So among the casualties of the severe weather today were apparently Nightwind’s serial ports — I came home to find that everything had rebooted, but Nightwind was unable to communicate with the station at all. After trying a few things — including resetting the station — I moved the console to healer for testing and found it picked up pretty much immediately. I moved it back to Nightwind and it was receiving corrupt data — no good. The hilarious thing is that healer — the crappy Dimension that I railed against not more than three posts ago — is now running the station flawlessly, with no phantom windspeed readings or anything. Go figure, right? I hate it for to happen this way, but it’s nice seeing my original plan carried out. :) So, Nightwind will rejoin the other servers, and the much quieter healer will be sitting relaying the conditions to Wunderground and AWEKAS. (It also will continue to serve as a backup domain controller and DNS box.)
Regular commenter NotMyBest2Day passed along a radar composite of the storms exploding over Charleston today. It takes a bit of time to load, but it’s worth it to see all the energy move ashore. This one really reminded me of the disturbance that dropped all that rain and that extreme lightning over downtown last August.
The forecast is more of the same for tomorrow, from that disturbance that’s still sitting offshore. Let’s hope it winds down by the weekend!
Well I hope everyone had a fantastic Thanksgiving break. Mine was pretty terrific: in addition to the video gaming mentioned a few days ago and the requisite consumption of turkey and chocolate pie, I also saw the new James Bond movie with my friend Mark. It was the first movie I’d seen in a theater since Star Wars III in May of 2005, and I must say, it was fantastic. Daniel Craig may not look like past Bonds but he does a fantastic job. Highly recommended!
In addition to my first trip to the theaters in a year and a half, I’ve also made some infrastructure updates; I now have a backup domain controller, redundant DNS, and some limited DHCP failover now on my home network. This machine, known as healer (it seems the latest trend in my naming of machines are early Ryan Farish songs), is a Windows Server 2003 box with a single 733 MHz Pentium II and 384 MB RAM. It’s not bad and will do a great job not only serving in the BDC role but it will also be put into motion as the latest machine to power the weather station — because it is a smaller, quieter machine (literally, an older Dell Dimension), it will fit much more nicely in the back of my apartment versus the giant machine currently there (Nightwind, my Windows 2000 Advanced Server). This switch will occur sometime overnight in the next few days; probably this weekend. After school lets out I’ll be upgrading Nightwind, the primary domain controller, DNS box, etc. from Windows 2000 Advanced Server to Windows Server 2003 Enterprise. Windows 2000 is incredibly reliable but Windows 2003 enables some additional security stuff that will be quite useful.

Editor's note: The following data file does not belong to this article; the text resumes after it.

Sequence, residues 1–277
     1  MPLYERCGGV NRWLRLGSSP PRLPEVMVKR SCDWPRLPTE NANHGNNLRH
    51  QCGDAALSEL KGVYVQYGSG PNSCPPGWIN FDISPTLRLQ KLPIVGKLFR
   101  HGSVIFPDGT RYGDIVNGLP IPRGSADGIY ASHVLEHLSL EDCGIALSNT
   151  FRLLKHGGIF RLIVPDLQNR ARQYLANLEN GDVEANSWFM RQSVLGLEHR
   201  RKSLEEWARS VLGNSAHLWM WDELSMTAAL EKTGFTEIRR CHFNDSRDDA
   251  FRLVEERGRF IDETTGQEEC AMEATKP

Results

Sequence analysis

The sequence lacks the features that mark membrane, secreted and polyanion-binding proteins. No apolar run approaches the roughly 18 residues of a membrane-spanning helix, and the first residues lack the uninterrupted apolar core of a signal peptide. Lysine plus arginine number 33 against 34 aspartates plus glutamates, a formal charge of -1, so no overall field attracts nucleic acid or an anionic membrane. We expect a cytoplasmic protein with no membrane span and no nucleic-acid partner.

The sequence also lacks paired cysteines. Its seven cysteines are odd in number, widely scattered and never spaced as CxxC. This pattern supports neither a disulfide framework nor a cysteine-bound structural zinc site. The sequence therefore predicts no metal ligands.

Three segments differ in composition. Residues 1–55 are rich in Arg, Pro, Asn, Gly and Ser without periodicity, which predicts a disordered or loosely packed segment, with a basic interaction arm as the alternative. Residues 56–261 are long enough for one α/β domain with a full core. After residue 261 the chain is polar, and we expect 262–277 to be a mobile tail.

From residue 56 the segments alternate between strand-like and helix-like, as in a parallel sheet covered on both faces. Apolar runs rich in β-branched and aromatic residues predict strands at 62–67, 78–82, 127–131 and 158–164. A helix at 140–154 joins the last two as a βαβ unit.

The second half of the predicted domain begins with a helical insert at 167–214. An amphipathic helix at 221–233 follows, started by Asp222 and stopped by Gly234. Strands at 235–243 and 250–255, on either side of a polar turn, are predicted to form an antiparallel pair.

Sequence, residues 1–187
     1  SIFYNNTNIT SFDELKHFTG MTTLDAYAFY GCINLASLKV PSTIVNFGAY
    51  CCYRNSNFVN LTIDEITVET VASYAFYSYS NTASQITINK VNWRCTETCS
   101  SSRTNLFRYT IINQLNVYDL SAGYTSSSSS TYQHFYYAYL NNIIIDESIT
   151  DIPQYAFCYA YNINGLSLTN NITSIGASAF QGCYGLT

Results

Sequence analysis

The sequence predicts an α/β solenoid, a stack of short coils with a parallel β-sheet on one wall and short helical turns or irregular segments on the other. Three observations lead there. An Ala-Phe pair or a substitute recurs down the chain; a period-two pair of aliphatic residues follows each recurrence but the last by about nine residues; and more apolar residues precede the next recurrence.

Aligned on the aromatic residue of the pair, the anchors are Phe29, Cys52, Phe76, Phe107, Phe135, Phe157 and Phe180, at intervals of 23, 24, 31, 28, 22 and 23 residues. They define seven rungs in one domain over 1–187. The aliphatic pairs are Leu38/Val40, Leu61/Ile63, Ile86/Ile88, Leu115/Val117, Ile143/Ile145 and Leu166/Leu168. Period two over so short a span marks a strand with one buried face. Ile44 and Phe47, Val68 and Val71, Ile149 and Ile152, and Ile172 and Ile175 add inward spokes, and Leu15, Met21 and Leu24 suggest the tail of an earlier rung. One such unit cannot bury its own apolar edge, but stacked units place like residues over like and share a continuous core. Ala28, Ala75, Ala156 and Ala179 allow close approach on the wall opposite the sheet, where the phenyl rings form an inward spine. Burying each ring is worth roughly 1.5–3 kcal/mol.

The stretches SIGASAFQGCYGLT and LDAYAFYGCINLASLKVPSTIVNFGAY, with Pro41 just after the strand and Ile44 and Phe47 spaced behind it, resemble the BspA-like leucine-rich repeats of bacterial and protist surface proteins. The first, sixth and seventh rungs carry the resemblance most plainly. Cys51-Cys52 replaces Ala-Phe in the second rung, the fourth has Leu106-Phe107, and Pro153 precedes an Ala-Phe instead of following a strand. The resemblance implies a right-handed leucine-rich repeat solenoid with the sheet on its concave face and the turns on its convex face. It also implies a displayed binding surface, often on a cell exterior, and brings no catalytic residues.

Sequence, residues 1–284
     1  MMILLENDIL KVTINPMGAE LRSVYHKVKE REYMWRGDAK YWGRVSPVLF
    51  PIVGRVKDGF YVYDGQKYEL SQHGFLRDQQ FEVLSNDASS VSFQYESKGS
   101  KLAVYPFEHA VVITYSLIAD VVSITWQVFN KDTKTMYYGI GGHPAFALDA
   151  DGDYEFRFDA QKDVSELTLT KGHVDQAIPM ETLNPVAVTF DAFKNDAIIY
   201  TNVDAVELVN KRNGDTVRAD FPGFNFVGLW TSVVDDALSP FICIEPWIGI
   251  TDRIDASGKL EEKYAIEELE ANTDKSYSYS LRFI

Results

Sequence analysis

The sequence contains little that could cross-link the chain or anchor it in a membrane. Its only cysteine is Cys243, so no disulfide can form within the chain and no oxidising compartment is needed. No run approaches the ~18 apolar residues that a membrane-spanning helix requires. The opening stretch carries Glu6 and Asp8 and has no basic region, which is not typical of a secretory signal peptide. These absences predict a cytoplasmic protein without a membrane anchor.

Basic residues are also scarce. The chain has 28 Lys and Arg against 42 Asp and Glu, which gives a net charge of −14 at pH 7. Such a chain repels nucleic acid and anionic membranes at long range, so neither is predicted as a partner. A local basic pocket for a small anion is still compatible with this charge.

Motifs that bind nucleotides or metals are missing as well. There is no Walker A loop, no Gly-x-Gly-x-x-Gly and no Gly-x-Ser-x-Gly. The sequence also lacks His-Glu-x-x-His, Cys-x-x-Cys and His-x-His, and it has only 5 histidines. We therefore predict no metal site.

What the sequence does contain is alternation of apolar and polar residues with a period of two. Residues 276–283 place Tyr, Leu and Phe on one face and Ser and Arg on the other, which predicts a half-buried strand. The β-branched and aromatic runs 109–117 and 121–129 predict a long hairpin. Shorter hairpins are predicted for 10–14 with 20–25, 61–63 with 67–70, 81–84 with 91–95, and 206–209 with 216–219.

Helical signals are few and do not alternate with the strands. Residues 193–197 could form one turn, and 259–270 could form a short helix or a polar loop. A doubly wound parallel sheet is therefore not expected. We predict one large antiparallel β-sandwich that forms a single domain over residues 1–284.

That was the extent of productivity; though — a lot of time was spent just trying to chill out a bit (for a change). It most definitely was the calm before the storm. To be blunt, it doesn’t get much better from here until the 13th of December, when my final exams will be complete. :) I’ll be airing my plan out into the open here in a blog post in the very near future.
So in light of yesterday’s power problems, I’ve decided to make a couple changes:
- wxstarzero.jaredsrealm.net, the 200 MHz Pentium running Debian Linux that is currently responsible for uploading weather data to Weather Underground, will be retired. It’s fairly unreliable (needs to be rebooted every two to three days) and has a lot of strange issues. Plus, it’s a 200 MHz Pentium.
- I’m relocating nightwind, my domain controller/DNS server/DHCP server, to the back of the house, where wxstarzero currently sits. This will help in distributing power a bit better, and puts the server in a perfect location to begin uploading the weather data. I’ll load Virtual Weather Station or some equivalent on the machine and start having it upload the data. This cuts down on running an extra machine, and it should prove to be much much more reliable as well.
With this in mind, expect a little downtime on the station tonight as I make the transition over. It shouldn’t take too long, though.